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back and talk about those examples. >> next call from tulsa, oklahoma. tim, independent line. caller: hi, congressman webster. how do you believe that independentents and democrats will take republicans seriously about cutting the budget, cutting the deficit, if you guys are not talking about deep cuts in defense in terms of closing military bases, things of that nature, before you start talking about cutting social programs such as social security and medicare and medicaid? >> well, what we were handed was a continuing resolution for this current year that ends today. and so we had to scramble to do what we've done. don't jump us on this. it is only a small part of the budget. it was short order.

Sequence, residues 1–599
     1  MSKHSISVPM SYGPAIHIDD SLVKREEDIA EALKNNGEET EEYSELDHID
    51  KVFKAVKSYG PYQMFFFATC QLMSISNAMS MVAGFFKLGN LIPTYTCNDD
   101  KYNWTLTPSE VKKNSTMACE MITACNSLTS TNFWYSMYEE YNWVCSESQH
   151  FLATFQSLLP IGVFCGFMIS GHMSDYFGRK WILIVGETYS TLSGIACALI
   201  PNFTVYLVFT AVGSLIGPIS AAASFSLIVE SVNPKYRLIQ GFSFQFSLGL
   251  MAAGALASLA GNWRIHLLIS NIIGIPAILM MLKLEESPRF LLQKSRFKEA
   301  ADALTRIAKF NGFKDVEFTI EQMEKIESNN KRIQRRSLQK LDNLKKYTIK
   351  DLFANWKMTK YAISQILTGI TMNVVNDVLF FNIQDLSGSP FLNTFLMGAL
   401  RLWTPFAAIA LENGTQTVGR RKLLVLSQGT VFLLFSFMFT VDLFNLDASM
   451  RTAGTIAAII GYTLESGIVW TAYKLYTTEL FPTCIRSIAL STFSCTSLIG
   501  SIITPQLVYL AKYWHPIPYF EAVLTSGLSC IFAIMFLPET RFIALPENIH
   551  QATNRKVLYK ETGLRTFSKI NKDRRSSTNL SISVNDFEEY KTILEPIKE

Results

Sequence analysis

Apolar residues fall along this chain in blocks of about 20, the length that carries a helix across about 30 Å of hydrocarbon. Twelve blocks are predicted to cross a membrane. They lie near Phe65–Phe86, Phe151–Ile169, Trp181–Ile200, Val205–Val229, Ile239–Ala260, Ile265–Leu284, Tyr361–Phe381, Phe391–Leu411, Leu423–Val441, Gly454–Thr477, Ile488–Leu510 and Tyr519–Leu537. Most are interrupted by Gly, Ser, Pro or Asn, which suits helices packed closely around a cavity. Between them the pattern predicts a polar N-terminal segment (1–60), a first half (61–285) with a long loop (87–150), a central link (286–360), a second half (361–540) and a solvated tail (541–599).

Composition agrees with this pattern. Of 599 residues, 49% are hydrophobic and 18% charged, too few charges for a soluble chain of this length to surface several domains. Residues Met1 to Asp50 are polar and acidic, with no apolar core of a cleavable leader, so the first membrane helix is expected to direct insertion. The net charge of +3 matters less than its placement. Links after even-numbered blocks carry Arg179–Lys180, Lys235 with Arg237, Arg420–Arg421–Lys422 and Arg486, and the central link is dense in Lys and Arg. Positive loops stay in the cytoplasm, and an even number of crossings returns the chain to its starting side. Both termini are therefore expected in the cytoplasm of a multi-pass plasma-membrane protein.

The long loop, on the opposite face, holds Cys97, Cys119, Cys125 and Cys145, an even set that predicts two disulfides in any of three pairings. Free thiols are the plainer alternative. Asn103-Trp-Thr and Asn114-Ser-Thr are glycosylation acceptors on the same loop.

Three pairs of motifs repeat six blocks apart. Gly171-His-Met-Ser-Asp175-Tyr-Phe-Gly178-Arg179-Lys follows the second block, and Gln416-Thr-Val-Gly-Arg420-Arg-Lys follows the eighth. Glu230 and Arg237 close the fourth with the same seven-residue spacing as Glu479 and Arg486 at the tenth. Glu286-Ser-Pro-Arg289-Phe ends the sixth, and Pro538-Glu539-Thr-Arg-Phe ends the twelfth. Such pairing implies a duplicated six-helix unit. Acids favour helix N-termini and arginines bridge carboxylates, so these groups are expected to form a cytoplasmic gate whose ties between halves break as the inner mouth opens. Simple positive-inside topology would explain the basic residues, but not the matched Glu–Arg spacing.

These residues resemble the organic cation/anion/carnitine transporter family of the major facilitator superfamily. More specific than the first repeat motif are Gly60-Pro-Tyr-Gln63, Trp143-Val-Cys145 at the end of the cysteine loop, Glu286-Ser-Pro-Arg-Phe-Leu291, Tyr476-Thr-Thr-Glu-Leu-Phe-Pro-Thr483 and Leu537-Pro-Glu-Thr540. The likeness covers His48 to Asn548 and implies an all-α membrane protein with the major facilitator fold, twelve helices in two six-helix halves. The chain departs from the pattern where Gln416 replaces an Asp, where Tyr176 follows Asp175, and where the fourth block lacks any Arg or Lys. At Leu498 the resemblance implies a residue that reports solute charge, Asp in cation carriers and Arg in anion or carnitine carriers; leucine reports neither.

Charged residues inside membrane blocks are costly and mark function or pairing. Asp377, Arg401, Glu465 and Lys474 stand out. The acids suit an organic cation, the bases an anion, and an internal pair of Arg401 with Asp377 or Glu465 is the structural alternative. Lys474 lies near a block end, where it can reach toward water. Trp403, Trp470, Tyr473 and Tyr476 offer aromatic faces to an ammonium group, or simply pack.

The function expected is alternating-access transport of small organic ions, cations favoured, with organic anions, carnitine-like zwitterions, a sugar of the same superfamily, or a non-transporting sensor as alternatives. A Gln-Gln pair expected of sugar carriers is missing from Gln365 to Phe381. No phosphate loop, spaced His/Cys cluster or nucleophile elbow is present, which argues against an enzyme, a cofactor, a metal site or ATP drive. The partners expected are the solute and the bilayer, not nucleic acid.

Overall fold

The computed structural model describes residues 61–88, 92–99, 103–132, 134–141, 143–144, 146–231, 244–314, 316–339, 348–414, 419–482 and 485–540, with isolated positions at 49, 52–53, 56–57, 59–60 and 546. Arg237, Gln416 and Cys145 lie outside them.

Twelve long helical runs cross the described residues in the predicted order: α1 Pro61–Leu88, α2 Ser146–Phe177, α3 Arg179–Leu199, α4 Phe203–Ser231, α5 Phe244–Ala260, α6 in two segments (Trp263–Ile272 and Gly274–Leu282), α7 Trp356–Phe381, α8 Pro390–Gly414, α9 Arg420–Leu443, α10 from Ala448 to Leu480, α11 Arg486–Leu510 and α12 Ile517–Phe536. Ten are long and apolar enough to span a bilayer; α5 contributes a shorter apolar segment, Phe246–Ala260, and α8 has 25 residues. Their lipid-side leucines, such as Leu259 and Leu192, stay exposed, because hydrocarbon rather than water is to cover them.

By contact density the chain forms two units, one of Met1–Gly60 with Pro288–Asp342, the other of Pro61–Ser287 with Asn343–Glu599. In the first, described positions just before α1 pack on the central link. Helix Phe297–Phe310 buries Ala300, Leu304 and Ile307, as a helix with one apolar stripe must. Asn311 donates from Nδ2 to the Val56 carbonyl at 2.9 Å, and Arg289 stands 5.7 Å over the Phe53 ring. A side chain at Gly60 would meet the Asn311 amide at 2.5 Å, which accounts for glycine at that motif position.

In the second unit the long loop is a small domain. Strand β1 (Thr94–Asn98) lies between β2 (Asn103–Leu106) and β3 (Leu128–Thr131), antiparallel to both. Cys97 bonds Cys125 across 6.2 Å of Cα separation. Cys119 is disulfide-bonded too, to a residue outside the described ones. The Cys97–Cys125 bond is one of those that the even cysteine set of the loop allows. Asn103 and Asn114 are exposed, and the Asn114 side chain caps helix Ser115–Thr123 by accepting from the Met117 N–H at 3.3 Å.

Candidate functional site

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it is not the norm. we usually do a budget for the entire year all the way through september 0. that did not happen, and we were handed what we were handed. we are trying to make up the different. we do have cuts. we did offer those. we sent them to the senate, and we acted on those. they did cut in defense, and they cut the other discretionary spending. however we'll developing a budget for 2012. that will go in effect until october 1. wait until you see that, then you can judge us if we did the right thing or not. >> colorado springs, jan, republican line. caller: i have been a republican a long time. but when i look at it, we have the religious right, we have the tea party, and none of those people represent me. i am very upset at what i see